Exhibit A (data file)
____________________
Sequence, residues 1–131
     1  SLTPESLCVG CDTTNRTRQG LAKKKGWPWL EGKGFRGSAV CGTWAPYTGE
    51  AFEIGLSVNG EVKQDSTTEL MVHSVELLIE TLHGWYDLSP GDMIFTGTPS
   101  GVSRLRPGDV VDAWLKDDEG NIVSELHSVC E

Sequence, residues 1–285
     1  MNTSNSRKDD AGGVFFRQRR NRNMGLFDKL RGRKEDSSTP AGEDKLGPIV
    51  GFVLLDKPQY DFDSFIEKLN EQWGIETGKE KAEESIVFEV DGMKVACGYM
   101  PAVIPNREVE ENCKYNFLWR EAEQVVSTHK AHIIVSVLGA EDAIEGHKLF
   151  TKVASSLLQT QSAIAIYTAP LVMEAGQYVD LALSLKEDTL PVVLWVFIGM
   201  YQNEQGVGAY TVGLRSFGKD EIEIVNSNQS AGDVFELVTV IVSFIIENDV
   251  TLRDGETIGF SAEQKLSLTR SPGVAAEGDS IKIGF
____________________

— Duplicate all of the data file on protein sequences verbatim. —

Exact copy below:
Sequence, residues 1–131
     1  SLTPESLCVG CDTTNRTRQG LAKKKGWPWL EGKGFRGSAV CGTWAPYTGE
    51  AFEIGLSVNG EVKQDSTTEL MVHSVELLIE TLHGWYDLSP GDMIFTGTPS
   101  GVSRLRPGDV VDAWLKDDEG NIVSELHSVC E

Sequence, residues 1–285
     1  MNTSNSRKDD AGGVFFRQRR NRNMGLFDKL RGRKEDSSTP AGEDKLGPIV
    51  GFVLLDKPQY DFDSFIEKLN EQWGIETGKE KAEESIVFEV DGMKVACGYM
   101  PAVIPNREVE ENCKYNFLWR EAEQVVSTHK AHIIVSVLGA EDAIEGHKLF
   151  TKVASSLLQT QSAIAIYTAP LVMEAGQYVD LALSLKEDTL PVVLWVFIGM
   201  YQNEQGVGAY TVGLRSFGKD EIEIVNSNQS AGDVFELVTV IVSFIIENDV
   251  TLRDGETIGF SAEQKLSLTR SPGVAAEGDS IKIGF